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  #11  
Old 04-20-2007, 11:33 PM
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We just opened our home to a 10 week pit mix. He does not seem obsessed with our 5 yr old cat. Merlin's philosophy is you do your thing and I'll do mine. Sometimes Chance seems afraid of the Merlin and other times you would think Merlin was the only animate object in the room. With any type of dog, monitor and train, never leave them alone, and they will be friends in no time, even an overly persistant dog can be desensitized with time, and patience.
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  #12  
Old 04-21-2007, 01:33 AM
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I'm actually going to disagree here.

I think it has a lot to do with breed and individual dog.If raised right, would a BC not herd? Or a hound not try and sniff/track? Personally, if I was set on getting a dog that had to be great with cats, I would rescue a dog that is KNOWN to get along with cats. You really could get anything with a puppy. I DO think the upbringing has a lot to do with it, but I also think the amount of prey drive and temperment would affect the reaction towards cats.

JMO of course.



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  #13  
Old 04-21-2007, 02:30 AM
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I think it depends on the breed a bit, but not entirely. It seems that as far as dog/cat problems go, there is outright aggression from the dog and then there's prey drive. I had a wolf mix that had EXTREME prey drive. Rabbits, mice, chickens etc didn't stand a chance with him, but he would not hunt our cats. On the other hand, a friend of mine had a dog that would display aggression to cats. Growling, barking, and attacking if it got the chance. It was like the dog wanted to pick a fight with the cat rather than hunt it. I'd trust the good natured dog with high prey drive before I'd trust the aggressive dog.

As for how pit types are with cats, I guess it depends on the individual but I honestly would be hard pressed to trust a terrier around small animals.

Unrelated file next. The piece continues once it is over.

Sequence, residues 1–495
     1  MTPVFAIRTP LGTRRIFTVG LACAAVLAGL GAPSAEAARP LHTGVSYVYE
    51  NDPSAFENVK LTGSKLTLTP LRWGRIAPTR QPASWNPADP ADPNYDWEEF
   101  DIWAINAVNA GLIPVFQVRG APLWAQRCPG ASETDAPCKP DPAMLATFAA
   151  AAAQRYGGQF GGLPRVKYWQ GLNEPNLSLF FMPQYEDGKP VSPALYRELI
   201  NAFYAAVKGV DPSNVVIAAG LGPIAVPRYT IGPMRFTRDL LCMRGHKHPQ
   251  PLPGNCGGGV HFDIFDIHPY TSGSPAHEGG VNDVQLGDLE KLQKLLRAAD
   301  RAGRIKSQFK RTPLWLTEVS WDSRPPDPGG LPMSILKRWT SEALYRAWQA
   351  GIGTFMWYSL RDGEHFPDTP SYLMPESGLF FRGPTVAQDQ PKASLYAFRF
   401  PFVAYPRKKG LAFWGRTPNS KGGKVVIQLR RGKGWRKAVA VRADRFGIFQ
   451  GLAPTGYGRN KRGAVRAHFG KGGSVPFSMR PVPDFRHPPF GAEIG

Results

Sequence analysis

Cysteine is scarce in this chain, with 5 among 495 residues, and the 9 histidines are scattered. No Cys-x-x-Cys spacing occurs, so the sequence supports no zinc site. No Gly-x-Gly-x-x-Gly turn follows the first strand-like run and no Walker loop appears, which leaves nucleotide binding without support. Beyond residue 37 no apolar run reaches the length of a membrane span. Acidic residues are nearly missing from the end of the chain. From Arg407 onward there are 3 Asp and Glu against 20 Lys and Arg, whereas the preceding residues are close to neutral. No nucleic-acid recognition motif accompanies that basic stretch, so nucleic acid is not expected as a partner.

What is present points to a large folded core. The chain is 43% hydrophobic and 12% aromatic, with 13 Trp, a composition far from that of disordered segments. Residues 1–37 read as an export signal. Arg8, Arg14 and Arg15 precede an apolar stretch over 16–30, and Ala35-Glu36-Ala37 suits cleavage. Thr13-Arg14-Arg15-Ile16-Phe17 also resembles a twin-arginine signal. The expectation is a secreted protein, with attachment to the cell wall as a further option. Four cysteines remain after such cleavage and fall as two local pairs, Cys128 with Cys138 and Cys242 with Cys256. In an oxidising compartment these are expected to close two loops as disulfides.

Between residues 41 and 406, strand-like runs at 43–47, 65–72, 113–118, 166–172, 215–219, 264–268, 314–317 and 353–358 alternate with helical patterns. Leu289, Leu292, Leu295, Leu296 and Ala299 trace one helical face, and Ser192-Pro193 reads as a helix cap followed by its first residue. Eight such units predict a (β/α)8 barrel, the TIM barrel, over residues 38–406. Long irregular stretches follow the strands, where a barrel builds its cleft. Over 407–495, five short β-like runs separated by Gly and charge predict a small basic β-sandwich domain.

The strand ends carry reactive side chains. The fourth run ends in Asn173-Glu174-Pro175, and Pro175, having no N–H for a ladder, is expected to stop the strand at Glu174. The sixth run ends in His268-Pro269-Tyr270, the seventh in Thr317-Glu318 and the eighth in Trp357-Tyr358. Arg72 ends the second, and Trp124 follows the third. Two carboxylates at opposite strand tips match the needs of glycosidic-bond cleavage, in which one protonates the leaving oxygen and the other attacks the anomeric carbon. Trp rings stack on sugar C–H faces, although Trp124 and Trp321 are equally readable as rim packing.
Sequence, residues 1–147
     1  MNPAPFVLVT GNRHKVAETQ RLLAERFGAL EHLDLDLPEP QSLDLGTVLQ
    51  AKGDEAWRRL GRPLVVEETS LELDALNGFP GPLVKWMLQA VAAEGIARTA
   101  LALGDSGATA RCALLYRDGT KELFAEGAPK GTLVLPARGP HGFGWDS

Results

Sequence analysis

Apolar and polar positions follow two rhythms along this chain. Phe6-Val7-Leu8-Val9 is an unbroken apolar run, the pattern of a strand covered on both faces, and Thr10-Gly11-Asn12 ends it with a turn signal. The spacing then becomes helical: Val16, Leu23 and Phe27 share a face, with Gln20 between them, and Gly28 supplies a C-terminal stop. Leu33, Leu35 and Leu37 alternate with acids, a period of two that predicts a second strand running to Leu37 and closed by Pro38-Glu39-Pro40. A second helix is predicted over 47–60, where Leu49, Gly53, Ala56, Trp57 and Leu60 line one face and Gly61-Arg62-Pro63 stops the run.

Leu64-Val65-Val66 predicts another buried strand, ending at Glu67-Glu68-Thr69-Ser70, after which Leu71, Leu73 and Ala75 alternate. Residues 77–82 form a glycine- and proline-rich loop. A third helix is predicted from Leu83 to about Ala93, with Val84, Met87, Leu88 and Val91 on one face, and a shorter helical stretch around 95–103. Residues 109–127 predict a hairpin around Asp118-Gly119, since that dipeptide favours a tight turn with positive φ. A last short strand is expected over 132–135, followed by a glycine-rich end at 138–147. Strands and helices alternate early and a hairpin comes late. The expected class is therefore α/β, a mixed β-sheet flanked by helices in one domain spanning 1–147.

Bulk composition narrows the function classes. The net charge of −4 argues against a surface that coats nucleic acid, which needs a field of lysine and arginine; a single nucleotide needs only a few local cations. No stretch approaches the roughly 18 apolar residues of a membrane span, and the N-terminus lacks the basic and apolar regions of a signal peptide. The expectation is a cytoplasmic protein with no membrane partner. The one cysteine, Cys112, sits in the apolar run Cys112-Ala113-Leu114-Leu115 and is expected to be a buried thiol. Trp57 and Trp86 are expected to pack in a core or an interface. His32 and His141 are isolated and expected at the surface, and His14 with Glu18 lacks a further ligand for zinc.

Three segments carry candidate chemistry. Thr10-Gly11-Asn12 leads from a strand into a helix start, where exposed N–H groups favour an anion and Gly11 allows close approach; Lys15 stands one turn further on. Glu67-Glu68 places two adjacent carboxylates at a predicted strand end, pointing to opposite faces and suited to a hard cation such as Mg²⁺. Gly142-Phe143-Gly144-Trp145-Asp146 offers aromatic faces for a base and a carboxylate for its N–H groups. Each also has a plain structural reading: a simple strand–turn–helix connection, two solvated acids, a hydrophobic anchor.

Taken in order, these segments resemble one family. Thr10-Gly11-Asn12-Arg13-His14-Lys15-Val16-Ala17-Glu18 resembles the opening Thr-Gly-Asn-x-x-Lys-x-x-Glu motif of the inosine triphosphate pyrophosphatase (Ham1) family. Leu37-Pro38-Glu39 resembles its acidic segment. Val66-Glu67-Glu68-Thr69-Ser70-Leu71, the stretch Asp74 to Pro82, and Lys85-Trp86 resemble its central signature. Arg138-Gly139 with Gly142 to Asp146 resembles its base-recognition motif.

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  #14  
Old 04-21-2007, 06:49 AM
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You also might ask...how will your cat treat your dog?
No worries there Neko and Willie love dogs, Max was Neko's best friend, if a dog bothers them they just run off.

So if we got a dog it would be from a rescue and would be an adult. I suppose we would have to trust that the rescue really did a good job testing them with cats. I wonder, If they say he is good with cats can you ask to see him in a room with one of the shelter cats to be sure before you bring him home?
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  #15  
Old 04-21-2007, 07:04 AM
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Post APBT and cats

Personal history, 1 pitbull (mine) - good with cats, 1 pitbull (my friends) - not good.

My APBT Indy was excellent with the cat, raised with them; however he could play a bit rough -they had a game where he made the cat "squeak", but would stop play when told to stop "squeaking the cat". The cat apparently didn't find this offensive as much as I did, as he never left the room when this game was being played. Indy was cold, no dog aggression, but he had high prey drive and would hunt rats, 'coons, and 'possums.

My friend's APBT Lucy has removed a piece of a cat's tail from under the bathroom door (where the cat was eating for her safety), and still at the age of 10 whines that high pitched pitbull scream to get at any cats, family or not. Lucy WAS RAISED with the cats in question. Lucy is high dog aggression, and low on tolerance for family dogs. My friend is a highly skilled dog trainer, specifically with aggressive dogs, so IT'S NOT all about the training.

If you are getting an adult APBT, make sure that it has been evaluated with cats, and yes, ask to see it's interaction before you bring it home.

Training only goes so far, breed tendencies can come through.
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